The United Nations Operation in Côte d’Ivoire (UNOCI) today welcomed the decision by judicial authorities in Abidjan to provisionally release 14 officials from the former government headed by Laurent Gbagbo who are currently awaiting trial.
“This development will bring about peace between all Ivorian political actors,” said the Secretary-General’s Special Representative and head of UNOCI, Aïchatou Mindaoudou.
“It contributes to the pursuit for equal justice and is a good sign for a national dialogue that is truly republican, as part of the search for lasting reconciliation in Côte d’Ivoire.”
UNOCI was established in 2004 by the Security Council to facilitate the peace process between the rebel-held north and Government-controlled south following the 2002 civil war.
The West African nation’s 2010 presidential election, meant to be the culminating point in the peace process, resulted in months of violence when Mr. Gbagbo refused to step down after losing to Alassane Ouattara. Mr. Gbagbo finally surrendered the following April.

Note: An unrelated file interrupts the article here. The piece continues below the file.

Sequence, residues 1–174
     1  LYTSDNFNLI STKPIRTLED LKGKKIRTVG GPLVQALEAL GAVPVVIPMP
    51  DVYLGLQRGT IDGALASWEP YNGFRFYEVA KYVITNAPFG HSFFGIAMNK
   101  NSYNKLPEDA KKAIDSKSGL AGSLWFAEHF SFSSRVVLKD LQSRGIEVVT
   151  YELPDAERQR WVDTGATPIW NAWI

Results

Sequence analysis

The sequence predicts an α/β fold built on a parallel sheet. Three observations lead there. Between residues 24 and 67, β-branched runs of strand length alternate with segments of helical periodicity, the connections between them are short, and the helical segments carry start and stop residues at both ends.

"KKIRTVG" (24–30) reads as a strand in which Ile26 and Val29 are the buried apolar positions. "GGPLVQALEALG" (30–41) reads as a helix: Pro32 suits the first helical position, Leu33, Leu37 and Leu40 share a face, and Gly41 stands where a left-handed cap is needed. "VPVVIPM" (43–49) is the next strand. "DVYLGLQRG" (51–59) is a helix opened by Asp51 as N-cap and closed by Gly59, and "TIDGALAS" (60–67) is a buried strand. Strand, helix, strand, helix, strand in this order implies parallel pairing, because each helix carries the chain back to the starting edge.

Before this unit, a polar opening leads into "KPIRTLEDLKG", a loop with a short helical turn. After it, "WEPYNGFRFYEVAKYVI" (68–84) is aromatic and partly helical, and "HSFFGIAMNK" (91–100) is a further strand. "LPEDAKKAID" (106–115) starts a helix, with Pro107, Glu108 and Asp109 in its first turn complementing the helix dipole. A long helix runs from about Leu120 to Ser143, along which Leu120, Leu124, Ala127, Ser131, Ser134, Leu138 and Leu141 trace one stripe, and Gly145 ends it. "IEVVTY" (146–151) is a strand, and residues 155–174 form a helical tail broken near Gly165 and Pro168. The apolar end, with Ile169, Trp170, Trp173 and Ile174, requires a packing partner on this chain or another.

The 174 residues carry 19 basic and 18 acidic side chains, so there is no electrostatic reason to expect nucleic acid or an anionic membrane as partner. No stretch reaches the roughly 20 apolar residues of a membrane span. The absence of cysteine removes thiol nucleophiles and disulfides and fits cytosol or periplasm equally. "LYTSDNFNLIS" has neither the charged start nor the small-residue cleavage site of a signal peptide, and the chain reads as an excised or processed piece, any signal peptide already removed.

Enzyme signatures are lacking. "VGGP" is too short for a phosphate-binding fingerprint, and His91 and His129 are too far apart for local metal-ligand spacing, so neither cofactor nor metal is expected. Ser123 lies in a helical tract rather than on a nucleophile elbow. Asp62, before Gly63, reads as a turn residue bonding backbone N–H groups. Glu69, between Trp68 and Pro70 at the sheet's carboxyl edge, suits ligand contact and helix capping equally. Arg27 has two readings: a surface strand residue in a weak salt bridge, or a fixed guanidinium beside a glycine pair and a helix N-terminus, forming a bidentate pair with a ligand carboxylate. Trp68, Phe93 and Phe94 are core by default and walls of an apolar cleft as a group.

In the aftermath of the post-election violence that followed the 2010 presidential polls, UNOCI assisted with a number of key tasks, including the restoration of law and order, national reconciliation, the holding of legislative elections and economic recovery.
Ms. Mindaoudou encouraged all Ivorian political actors to seize the occasion to commit to an inclusive political dialogue and national reconciliation, which are prerequisites to establishing lasting peace and economic development in the country.
Among the officials released are the president of the Front Populaire Ivoirien, Pascal Affi N’Guessan; the son of the former president, Michel Gbagbo; and the former Minister of Defence, Lida Kouassi.